The next time you are on a train, or indeed any public transport, look around you and reflect on who your fellow passengers are. They are literally, fellow passengers, on the same mode of transport, travelling in the same direction, towards the same destination. All our journeys end the same. But they are also fellow passengers metaphorically and spiritually. We know very little about them, but they - and you – and I, are on the same journey. As strangers and pilgrims we travel together in the same direction.
I enjoy train rides: looking out of the window; passing through unknown and familiar places alike; listening to music; reading, writing even. A journey has a purpose, but it can be a pleasure in itself. Or not: some journeys are awful, delays, bad weather, crowded carriages, traumatic events or accidents. Commuting into London every day can be a miserable, expensive, soul-destroying experience. Our railways bear us on journeys that metaphorically reflect the full range of human spiritual and emotional experience. Meanwhile railway lines are dangerous and trains can be lethal vehicles.
A trainload of passengers is a community, engaging differently with the journey, enjoying or hating it to one degree or another. In communion as one body they are borne forward, both by their own will, and in submission to the control of a greater force. They are free beings, whisked down prelaid and prepaid tracks to an inevitable destination. They may or may not be enjoying the experience.
They may or may not be reflecting on the nature of their journey, what they want from the journey and where they can reasonably expect to end up. Nowadays many travel unthinkingly and unreflectively. They do not actually know where they are going, because they haven’t thought about it much; they just find themselves on the train, and having put their headphones on, are listening to whatever music pleases them and whiles away the time. Nevertheless there is a destination and the train will stop, and there is no going back. In the journey of life, there are no return tickets.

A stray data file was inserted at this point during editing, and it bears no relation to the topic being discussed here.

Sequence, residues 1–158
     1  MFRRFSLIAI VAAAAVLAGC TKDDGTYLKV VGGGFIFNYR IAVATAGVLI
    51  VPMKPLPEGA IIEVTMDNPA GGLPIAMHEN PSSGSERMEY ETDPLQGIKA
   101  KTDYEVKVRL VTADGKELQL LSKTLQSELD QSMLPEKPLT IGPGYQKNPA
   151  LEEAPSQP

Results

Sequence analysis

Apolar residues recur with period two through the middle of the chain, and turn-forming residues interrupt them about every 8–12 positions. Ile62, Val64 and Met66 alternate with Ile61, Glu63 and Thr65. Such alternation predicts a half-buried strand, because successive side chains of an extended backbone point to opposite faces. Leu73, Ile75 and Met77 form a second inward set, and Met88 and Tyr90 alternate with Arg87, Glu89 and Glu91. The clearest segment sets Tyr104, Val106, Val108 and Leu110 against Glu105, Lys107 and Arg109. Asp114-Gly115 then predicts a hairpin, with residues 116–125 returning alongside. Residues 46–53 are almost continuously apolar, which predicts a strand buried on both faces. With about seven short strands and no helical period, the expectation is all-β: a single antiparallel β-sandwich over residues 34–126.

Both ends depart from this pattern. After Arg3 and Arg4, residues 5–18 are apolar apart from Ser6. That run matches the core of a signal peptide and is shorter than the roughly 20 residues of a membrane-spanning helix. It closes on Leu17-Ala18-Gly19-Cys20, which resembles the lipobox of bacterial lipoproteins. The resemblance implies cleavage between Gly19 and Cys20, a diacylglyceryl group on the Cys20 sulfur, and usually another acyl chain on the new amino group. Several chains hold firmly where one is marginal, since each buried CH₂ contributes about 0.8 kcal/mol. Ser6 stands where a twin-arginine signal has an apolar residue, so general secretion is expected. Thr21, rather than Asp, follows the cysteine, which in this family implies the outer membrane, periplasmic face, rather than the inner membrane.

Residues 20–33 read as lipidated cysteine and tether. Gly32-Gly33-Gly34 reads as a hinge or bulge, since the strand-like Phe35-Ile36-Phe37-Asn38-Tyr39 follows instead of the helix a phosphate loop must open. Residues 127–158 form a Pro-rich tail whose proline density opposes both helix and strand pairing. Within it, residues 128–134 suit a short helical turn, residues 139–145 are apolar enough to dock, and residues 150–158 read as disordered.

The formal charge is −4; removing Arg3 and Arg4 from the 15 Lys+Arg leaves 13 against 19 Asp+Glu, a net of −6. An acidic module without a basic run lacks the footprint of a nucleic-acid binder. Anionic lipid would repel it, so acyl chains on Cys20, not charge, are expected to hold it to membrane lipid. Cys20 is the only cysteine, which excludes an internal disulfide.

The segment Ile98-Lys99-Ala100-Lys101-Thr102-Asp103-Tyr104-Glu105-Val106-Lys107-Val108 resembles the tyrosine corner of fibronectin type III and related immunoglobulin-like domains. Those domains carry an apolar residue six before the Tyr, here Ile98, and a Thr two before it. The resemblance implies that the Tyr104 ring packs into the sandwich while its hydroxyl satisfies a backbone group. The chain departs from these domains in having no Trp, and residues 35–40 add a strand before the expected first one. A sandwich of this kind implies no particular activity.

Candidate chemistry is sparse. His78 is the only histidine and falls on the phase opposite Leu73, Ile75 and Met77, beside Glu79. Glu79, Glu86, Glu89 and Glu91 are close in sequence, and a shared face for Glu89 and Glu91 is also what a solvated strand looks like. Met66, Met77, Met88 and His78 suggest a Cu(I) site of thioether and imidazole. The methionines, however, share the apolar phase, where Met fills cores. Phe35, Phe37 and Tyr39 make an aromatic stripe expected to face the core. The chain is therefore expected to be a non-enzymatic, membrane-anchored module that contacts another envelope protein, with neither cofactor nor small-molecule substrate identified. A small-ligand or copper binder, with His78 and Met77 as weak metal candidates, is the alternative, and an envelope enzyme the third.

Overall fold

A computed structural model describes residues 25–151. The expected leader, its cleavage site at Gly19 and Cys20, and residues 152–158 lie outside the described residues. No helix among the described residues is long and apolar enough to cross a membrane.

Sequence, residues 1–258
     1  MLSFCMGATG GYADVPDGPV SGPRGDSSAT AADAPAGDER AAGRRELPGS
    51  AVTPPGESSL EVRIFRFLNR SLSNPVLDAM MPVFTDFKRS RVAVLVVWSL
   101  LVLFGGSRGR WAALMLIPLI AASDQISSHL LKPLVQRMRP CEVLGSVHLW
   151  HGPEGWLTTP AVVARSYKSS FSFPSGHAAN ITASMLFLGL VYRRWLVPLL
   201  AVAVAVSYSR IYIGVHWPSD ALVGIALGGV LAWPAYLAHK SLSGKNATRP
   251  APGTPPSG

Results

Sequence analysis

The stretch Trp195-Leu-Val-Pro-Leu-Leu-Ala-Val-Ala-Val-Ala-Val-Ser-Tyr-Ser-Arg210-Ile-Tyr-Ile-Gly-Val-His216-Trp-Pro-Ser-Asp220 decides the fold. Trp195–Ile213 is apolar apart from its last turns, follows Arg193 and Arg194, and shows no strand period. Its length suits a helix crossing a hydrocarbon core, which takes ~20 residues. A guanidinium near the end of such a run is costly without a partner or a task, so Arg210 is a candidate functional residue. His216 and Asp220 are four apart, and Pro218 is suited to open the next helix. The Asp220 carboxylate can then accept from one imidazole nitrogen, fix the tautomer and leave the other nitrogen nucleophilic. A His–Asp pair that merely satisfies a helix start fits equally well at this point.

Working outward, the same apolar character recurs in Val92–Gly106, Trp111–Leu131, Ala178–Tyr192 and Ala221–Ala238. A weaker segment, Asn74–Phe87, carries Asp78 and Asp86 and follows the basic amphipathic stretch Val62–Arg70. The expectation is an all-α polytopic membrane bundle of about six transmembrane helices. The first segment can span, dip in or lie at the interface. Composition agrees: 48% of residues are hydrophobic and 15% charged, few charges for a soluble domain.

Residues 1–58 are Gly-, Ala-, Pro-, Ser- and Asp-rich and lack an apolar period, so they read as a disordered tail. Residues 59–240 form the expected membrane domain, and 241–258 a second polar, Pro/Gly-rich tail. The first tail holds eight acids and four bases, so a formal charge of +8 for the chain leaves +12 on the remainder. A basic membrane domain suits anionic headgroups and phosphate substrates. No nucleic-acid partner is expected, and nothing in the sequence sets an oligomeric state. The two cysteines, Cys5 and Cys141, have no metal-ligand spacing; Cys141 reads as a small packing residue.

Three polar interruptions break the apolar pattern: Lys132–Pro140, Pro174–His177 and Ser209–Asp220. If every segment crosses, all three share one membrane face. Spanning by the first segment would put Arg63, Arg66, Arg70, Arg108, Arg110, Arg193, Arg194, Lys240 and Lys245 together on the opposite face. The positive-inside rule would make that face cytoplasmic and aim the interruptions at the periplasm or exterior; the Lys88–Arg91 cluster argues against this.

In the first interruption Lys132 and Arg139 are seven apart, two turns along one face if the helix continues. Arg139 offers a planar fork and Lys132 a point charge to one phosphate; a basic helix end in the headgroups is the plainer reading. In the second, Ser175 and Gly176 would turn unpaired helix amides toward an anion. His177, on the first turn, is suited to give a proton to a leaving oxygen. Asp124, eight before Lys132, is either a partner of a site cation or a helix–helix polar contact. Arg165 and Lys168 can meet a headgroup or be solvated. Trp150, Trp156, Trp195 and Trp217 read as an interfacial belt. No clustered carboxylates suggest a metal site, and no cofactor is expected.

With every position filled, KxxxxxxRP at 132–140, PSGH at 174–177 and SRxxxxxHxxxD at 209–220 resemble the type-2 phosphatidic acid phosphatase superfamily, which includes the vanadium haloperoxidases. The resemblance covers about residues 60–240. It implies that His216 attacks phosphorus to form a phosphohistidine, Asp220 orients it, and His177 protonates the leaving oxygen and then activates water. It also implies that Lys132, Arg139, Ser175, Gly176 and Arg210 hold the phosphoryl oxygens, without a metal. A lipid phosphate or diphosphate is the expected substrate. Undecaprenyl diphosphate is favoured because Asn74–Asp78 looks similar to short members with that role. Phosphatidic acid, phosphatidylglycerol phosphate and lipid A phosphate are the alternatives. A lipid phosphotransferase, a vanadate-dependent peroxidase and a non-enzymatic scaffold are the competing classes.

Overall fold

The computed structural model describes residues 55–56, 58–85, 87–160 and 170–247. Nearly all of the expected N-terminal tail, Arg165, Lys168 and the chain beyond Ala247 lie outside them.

Having travelled as a community of pilgrims or tourists on life’s journey, they may well find that they are welcomed at journey’s end into the community of saints, or... or what? None of us knows for sure. But what we do know is that if we travel as purposeful, reflective pilgrims trusting in God as the source and driver of our lives, we will arrive at a destination of peace and fellowship, rest and resurrection, in communion with our Lord Jesus Christ and all the saints.
The Rev'd Dr Gordon Giles, St Mary Magdalene, Enfield, 03/11/19